chemicals (Autoinducers) coordinate gene expression for virulence,
conjugation, apoptosis, mobility and resistance.
• QS signal molecules AHL, AIP, AI-2 & AI-3 have been identified in
• Gram-positive bacteria use processed oligo-peptides to
• Several QS inhibitors molecules have been synthesized AHL, AIP,
and AI-2 analogues Potent Virulence inhibitors.
• QS controls virulence factor production in Gram-positive human
pathogens including S. aureus, Listeria monocytogenes, Enterococcus
faecalis, and Clostridium perfringens
• V. cholera, P. aeruginosa Gram negative bacteria .
GENE TRANSFER :-
• Drug resistance may be acquired by passage of the trait vertically to
daughter cells, but more commonly it is acquired by horizontal
transfer of resistance by,
• Horizontal transfer of resistance genes is greatly facilitated by
Mobile genetic elements
Plasmids Transducing Transposable Integrons Gene
phages elements cassettes
Insertion sequences Transposons Transposable phages
• Insertion sequences do not encode resistance, but they function as
sites for integration of other resistance-encoding elements.
• Transposons are insertion sequences that also code for drug
resistance & other function.
• Transposon move between chromosome and plasmid thus
“hitchhike” the resistant gene out of the host and into a recipient.
Transduction - Is acquisition of bacterial DNA from a phage that has
incorporated DNA from a previous resistant host bacterium.
e.g. strains of S. aureus.
Transformation - Is the uptake and incorporation into the
host genome by free DNA released into the environment by
other bacterial cells. E.g. Penicillin resistance in
Pneumococci and Neisseria.
Conjugation - Is gene transfer by direct cell-to-cell contact through a
sex pilus or bridge.
• Multiple resistance genes can be transferred in a single event.
• Genetic transfer by conjugation is common among gram-negative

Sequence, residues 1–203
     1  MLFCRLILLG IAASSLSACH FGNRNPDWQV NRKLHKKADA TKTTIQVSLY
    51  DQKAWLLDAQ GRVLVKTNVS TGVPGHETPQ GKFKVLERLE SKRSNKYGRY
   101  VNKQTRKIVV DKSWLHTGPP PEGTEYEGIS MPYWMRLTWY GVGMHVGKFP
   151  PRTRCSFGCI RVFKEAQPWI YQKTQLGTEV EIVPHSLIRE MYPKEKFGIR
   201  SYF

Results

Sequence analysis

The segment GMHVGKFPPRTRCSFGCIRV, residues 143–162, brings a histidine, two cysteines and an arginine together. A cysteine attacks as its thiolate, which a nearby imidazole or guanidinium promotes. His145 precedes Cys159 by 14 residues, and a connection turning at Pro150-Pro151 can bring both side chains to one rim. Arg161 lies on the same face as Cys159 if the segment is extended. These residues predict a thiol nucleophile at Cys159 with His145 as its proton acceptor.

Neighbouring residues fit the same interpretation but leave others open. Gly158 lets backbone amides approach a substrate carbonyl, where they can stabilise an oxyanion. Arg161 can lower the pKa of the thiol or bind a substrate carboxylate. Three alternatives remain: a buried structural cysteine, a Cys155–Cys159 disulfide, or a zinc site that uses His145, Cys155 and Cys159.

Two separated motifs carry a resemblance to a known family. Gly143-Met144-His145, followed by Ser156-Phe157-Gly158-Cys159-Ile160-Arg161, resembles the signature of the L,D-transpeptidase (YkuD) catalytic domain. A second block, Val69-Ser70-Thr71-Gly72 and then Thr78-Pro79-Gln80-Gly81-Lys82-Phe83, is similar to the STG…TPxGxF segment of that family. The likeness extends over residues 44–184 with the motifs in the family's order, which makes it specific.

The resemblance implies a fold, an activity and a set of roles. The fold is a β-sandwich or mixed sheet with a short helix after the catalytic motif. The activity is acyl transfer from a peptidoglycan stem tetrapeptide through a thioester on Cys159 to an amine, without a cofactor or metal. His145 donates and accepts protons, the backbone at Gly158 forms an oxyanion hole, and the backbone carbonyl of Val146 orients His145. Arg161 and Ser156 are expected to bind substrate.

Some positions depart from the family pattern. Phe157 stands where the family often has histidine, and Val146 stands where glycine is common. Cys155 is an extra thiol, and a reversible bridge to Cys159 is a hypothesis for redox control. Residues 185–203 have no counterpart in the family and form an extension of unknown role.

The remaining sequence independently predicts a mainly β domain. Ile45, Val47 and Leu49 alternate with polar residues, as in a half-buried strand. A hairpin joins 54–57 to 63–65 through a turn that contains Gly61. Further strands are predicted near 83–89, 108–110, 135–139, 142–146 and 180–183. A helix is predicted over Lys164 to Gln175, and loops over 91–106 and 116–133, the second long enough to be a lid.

bacilli, and Enterococci.
CROSS RESISTANCE :-
• Acquisition of resistance to one AMA conferring resistance to
another AMA to which the organism has not been exposed
e.g. - resistance to one sulfonamide means resistance to all others,
-resistance to one tetracycline means insensitivity to all others
• Partial cross resistance is sometimes seen in unrelated drugs
e.g. - between tetracyclines and chloramphenicol
- between erythromycin and lincomycin.
• Cross resistance may be
Two-way, e.g. between erythromycin and clindamycin and vice versa
One-way, e.g. development of neomycin resistance by
enterobacteriaceae makes them insensitive to streptomycin but many
streptomycin-resistant organisms remain susceptible to neomycin.
Prevention of drug resistance :-
No indiscriminate and inadequate or unduly prolonged use of AMAs
should be made.
Prefer rapidly acting and selective (narrow spectrum) AMAs.
Use combination of AMAs for prolonged therapy e.g. tuberculosis,
Intensive treatment for notorious organisms.
• Essentials of Medical Pharmacology Sixth Edition - KD TRIPATHI MD
• Goodman & Gilman’s The Pharmacological Basis of THERAPEUTICS
• LaSarre B, Federle MJ. Exploiting Quorum Sensing To Confuse
Bacterial Pathogens. Microbiology and Molecular Biology Reviews :
MMBR. 2013;77(1):73-111. doi:10.1128/MMBR.00046-12.